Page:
The 20th century saw the birth of the earliest Lesbian rights organizations, most importantly of which was Heterodoxy, founded as a feminist luncheon club for "unorthodox women," in whose membership is included notable and prominent lesbians Katherine Anthony, Sara Josephine Baker, Helen Hull, and Elisabeth Irwin. Concurrently established in San Francisco, Mona's 440 club became the first recognized lesbian bar. Emma Goldman, internationally known anarchist and social activist, once dubbed "the most dangerous woman in America" by J. Edgar Hoover, was also an outspoken advocated of the rights of gays and lesbians, perhaps for the first time in American history. Whether or not Goldman was involved in any lesbian relationships is uncertain, but her advocacy has resulted in some calling her the Mother of the Gay and Lesbian Rights Movement.
Founded in 1955, the Daughters of Bilitis was the first exclusively Lesbian organization in the United States. A year after their founding in San Francisco, DoB began publishing The Ladder (Magazine), the first widely-distributed Lesbian American periodical. Soon after, a chapter was formed in New York City, and held the first Lesbian American conference in 1960. As the Women's Liberation Movement began, lesbians found an outlet to voice concerns shared with heterosexual women. In 1969 lesbian author and activist Rita Mae Brown joined the National Organization for Women and challenged homophobia within the organization: "I'm tired of hearing everyone moan about men. Say something good about women. I'll say something good. I love them. I'm a lesbian." One year later all lesbians were expelled from its ranks, and one year after that they were again admitted, with apologies from NOW's leadership.The Metropolitan Community Church was founded in 1968, the first Christian assembly of gays and lesbians. In 1969, the church's founder, Rev. Troy D. Perry, performed the first known same-sex marriage in the United States.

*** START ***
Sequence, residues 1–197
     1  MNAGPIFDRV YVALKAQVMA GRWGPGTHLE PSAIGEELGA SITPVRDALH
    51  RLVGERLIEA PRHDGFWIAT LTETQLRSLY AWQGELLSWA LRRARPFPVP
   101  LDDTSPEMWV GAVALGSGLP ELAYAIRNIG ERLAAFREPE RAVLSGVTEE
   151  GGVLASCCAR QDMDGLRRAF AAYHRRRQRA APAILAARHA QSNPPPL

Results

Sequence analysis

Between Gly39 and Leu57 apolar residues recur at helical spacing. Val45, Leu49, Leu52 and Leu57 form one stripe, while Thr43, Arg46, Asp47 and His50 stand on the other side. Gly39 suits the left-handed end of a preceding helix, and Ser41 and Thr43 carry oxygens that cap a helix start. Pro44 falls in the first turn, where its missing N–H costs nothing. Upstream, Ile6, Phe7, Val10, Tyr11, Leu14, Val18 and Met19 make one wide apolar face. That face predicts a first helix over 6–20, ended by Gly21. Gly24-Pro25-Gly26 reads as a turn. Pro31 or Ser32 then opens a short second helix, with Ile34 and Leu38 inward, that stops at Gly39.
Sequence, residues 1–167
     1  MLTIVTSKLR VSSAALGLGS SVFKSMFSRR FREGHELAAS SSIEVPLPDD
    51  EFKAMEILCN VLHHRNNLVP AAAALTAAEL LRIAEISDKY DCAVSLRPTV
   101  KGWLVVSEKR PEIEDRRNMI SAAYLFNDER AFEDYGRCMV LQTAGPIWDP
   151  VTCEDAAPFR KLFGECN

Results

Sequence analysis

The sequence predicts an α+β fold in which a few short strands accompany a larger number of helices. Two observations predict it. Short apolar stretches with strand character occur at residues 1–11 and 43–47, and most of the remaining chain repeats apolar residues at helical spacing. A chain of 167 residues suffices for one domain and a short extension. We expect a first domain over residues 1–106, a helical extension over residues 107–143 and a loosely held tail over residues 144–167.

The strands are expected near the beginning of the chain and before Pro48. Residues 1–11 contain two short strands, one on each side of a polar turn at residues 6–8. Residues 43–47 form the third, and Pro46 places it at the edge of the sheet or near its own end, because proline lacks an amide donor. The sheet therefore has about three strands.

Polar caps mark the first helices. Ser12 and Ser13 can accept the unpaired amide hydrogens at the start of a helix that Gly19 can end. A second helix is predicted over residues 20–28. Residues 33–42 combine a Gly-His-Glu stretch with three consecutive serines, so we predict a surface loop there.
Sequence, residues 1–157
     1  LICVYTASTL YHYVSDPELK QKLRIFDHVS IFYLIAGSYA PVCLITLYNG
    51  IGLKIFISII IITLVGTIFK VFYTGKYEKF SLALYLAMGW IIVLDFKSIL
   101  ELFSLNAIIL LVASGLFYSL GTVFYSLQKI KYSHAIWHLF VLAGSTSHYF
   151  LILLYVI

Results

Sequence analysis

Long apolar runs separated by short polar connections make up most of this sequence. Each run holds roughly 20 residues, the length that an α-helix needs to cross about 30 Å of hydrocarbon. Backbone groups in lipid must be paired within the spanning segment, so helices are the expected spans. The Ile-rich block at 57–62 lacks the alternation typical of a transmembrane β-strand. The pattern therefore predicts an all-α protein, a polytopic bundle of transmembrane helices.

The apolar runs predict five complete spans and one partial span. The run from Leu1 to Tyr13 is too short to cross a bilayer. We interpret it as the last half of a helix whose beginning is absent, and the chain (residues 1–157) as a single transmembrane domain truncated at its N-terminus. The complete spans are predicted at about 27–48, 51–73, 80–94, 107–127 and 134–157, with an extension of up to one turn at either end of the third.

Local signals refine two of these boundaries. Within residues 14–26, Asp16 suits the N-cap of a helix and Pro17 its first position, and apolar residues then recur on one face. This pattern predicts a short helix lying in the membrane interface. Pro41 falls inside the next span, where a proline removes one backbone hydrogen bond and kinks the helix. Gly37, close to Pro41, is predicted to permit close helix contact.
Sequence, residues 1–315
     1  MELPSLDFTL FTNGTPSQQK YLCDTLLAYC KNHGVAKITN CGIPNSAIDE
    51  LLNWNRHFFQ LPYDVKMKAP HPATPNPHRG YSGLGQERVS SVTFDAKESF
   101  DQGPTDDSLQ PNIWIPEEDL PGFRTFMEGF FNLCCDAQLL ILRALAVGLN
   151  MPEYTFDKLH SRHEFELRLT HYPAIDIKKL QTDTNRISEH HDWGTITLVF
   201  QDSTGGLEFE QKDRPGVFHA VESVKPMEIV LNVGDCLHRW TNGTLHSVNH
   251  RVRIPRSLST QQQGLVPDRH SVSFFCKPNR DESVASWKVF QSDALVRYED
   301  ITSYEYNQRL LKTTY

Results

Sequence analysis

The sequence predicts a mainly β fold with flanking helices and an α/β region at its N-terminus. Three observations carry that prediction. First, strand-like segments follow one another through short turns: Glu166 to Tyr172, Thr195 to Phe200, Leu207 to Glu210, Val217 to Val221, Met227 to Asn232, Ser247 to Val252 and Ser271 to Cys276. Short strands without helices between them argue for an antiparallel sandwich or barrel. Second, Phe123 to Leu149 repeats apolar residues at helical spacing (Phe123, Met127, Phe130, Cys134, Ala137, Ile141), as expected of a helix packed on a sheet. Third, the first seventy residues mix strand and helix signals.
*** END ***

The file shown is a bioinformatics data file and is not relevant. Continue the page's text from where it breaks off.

In the second half of the 1960s, LGBT activism spilled over into social protest and gay liberation. On the East Coast, beginning in 1965, homophile organizations picketed the White House, The Pentagon, the United Nations, and Independence Hall, demanding an end to anti-gay discrimination. The picketers were few in number, but received attention (generally unfavorable) in national news reports. More dramatically, transgendered people rioted in August 1966 at Compton's Cafeteria in San Francisco, the first time in history an organized group of LGBT people resisted arrest. In 1969, Rita Mae Brown, along with many other lesbians, took part in the Stonewall riots. This event, known as the birth of the modern Gay and Lesbian Rights Movement, began in response to a targeted effort by police to close known gay and lesbian establishments.